That Bad Ceiling Feeling: Unlike the Fiscal Cliff the Debt Ceiling Is the Real Deal

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That Bad Ceiling Feeling: Unlike the Fiscal Cliff the Debt Ceiling Is the Real Deal

Missing the fiscal cliff? Don't know what to talk about at the dinner table?

Get ready, the Bipartisan Policy Center has predicted that on February 15, 2013, the U.S. Treasury will take in an estimated $9 billion in revenue, but is committed to pay out $52 billion.

Yup, that’s right. The debt ceiling is upon us again and Republicans are showing every sign that they will once again attempt to hold the country hostage to force a “grand bargain” they hope will result in major cuts to Social Security and Medicare.

Asked about future deficit reduction talks, Senate GOP leader Mitch McConnell (R-KY) told the Sunday news shows: "The tax issue is finished, over, completed. That's behind us. Now the question is, what are we going to do about the biggest problem confronting our country and our future? And that's our spending addiction."

Not so fast, say Senate Democrats. In The Hill on Monday, they signaled that they were not interested in any more cuts unless they were offset by revenue. Liberal Senator Ben Cardin (D-MD), a member of the Finance Committee which has jurisdiction over tax reform, and others say they are looking to raise $1 trillion in new revenue and that the ratio of spending cuts to higher tax revenues “should be about even” in any new deficit-reduction deal passed by Congress.

With the fiscal cliff agenda unfinished and the debt ceiling looming, this is a dangerous time for the middle class and for baby boomers who don't want to eat cat food when they retire. Since who gets taxed and how is a key part of the austerity battle in 2013, we need to put new ideas on the table before whacking grannie becomes a bipartisan consensus.

Tax Financial Transactions

As Democrats start looking to raise revenue in ways that won't harm our weak recovery they should take a look at what the European Union is doing. This year, 11 countries are preparing to implement a tiny tax on the sale of stocks and other financial products, called a financial transaction tax. The levy is often called a "Financial Speculation Tax," as it would have the greatest impact on high-volume, high-speed speculative traders who hold stock for 20 seconds and little impact on average Americans who hold their stocks for many years.

The United States had a financial transaction tax until Wall Street killed it in the 1960s. We still have a tiny one that helps fund the Securities and Exchange Commission. Now the idea is picking up steam in Washington. Numerous bills have been introduced that contain some form of the tax. It has become a standard in the alternative budget proposed by the Congressional Progressive Caucus, and caucus co-chair Representative Keith Ellison (D-MN) last year introduced HR 6411. This bill, the Inclusive Prosperity Act, would set the rate at 50 cents on every $100 of stock trades with a lesser amount on other trades of bonds, derivatives, and other financial instruments. Economists estimate that the bill would generate a whopping $350 billion every year. If Senate Democrats are looking for $1 trillion in new revenue, this one tax could get you there in just a few years according to a 2011 study by economist Robert Pollin.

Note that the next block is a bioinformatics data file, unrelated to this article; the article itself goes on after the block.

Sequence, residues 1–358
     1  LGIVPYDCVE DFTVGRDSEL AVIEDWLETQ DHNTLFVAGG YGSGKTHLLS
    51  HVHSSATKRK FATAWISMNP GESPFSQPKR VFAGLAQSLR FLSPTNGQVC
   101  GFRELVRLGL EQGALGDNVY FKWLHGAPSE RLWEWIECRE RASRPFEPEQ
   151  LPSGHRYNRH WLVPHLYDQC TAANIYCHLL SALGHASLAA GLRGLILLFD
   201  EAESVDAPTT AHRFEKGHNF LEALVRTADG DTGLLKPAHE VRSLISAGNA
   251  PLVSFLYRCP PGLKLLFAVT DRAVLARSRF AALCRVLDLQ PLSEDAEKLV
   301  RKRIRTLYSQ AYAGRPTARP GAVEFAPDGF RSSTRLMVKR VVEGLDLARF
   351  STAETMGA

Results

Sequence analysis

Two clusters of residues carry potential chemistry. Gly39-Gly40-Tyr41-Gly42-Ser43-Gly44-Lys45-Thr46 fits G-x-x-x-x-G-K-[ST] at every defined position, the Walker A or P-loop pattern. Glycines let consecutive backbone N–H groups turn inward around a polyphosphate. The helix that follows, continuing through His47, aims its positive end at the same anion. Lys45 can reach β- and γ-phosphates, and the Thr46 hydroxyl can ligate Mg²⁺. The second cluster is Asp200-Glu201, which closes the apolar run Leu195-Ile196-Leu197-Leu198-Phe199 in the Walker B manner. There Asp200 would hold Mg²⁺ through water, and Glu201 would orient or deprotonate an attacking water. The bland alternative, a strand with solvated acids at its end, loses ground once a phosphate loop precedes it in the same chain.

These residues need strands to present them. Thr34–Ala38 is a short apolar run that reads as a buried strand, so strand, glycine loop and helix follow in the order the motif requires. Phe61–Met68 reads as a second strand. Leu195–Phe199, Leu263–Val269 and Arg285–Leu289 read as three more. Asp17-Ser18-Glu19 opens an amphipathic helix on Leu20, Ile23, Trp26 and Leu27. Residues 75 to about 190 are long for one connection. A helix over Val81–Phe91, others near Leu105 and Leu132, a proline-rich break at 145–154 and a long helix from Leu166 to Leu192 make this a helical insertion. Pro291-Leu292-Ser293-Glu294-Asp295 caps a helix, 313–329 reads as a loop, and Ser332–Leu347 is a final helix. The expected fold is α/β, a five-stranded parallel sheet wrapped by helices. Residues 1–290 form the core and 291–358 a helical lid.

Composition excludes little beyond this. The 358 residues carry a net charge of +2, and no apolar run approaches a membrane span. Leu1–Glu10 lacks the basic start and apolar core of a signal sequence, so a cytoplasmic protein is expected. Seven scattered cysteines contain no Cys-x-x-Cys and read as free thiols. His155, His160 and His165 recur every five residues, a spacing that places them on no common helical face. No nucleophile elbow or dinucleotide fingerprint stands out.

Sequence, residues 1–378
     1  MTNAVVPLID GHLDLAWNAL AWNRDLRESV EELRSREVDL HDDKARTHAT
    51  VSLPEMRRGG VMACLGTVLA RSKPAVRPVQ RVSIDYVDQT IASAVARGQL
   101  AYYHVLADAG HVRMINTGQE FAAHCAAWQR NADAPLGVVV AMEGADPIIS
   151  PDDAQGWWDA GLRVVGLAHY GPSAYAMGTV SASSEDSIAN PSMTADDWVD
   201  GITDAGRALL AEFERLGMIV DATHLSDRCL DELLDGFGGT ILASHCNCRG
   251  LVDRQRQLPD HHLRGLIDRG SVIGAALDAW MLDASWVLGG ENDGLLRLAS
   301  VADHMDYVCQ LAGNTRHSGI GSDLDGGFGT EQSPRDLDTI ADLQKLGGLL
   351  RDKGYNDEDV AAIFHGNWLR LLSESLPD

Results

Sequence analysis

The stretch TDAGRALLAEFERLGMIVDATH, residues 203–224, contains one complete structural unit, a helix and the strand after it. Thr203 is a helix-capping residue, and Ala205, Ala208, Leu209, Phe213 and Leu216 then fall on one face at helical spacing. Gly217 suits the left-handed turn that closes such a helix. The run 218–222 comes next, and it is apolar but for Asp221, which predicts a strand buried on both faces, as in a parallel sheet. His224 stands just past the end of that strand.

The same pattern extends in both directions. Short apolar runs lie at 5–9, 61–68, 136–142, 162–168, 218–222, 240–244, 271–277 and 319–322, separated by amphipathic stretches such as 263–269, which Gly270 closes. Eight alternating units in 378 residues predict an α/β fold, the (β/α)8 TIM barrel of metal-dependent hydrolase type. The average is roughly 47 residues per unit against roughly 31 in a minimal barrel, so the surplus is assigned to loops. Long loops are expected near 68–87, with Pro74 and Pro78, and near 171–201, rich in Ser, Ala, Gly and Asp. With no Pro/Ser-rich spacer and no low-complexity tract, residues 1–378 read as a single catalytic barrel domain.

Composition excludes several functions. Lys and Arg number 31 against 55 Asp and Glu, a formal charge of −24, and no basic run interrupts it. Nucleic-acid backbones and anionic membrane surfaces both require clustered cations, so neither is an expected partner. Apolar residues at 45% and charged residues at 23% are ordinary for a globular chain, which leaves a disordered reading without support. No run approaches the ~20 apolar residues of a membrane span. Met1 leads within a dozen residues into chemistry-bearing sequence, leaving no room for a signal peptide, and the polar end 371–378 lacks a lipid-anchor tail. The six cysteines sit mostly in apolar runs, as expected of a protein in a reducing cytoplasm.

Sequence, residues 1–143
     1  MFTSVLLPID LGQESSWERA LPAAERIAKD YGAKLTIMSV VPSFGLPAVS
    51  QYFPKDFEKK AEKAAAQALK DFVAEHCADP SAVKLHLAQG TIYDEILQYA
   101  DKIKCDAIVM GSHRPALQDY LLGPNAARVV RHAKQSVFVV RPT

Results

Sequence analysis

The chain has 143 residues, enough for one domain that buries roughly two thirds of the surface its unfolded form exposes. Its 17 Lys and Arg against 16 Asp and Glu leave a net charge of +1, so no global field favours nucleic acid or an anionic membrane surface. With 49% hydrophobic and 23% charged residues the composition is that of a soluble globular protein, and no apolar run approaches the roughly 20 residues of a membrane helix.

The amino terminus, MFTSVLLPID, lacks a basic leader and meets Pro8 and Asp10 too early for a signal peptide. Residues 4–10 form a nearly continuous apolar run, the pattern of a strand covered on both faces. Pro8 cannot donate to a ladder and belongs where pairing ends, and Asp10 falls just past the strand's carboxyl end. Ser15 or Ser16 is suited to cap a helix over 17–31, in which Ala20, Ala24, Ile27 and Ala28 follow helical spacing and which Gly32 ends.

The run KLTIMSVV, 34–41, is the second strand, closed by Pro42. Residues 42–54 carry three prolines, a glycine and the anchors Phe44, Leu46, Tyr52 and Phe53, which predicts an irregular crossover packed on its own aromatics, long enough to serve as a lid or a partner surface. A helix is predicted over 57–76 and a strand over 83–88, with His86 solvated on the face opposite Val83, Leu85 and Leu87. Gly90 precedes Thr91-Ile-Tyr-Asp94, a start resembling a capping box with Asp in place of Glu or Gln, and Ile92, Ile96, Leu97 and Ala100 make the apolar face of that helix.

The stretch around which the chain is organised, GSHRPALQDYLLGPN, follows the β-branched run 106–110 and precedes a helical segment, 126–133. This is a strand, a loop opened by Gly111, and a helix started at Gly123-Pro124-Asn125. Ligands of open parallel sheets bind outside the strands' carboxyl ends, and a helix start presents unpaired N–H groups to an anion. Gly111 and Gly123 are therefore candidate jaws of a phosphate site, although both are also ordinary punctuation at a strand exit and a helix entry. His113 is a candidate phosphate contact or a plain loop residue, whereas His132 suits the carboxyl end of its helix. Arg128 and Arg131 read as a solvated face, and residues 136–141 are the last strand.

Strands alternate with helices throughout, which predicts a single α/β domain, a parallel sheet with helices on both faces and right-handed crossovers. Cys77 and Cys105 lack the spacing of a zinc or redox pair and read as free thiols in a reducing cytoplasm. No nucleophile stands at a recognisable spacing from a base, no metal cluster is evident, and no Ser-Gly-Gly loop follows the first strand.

Pollin, co-director and and Professor of Economics at the Political Economy Research Institute (PERI), University of Massachusetts-Amherst, explains it is a lot like a sales tax for Wall Street: "Financial market traders would pay a small fee to the government every time they purchased any financial market instrument, including all stock, bond, options, futures, and swap trades. This would be the equivalent of sales taxes that Americans have long paid every time they buy an automobile, shirt, baseball glove, airline ticket, or pack of chewing gum, eat at a restaurant, or have their hair cut.”

Bad Ceiling Feeling

Economist Paul Krugman is not the only one with a "bad ceiling feeling." Unlike the faux "fiscal cliff" deadline, the debt ceiling is the real deal, handled incorrectly defaulting on the U.S. debt -- or even coming near defaulting on the U.S. debt -- could have disastrous consequences for the economy.

Krugman is very worried about the way Obama handled the faux deadline: "He gave every indication of being more or less desperate to cut a deal before the year ended — even though going over the fiscal cliff was not at all a drop-dead moment, since we could have gone weeks or months without much real economic damage." The stakes are high. Krugman worries that Obama will "go down in history as the wimp that gave it all away."

While progressives are biting their nails about Obama, Wall Street is worried too. They are lobbying against any taxes that might affect them in Congress and in the media. While proponents of the financial transaction tax would rather not see it taken up as part of a deficit reduction package of any sort, it is usually only in times of high drama and high stakes that we get the things that drive Wall Street crazy.

At this point, the push for the tax should go into hyperdrive.

Mary Bottari

Mary Bottari is the Director of the Center for Media and Democracy's Real Economy Project and editor of their www.BanksterUSA.org site.

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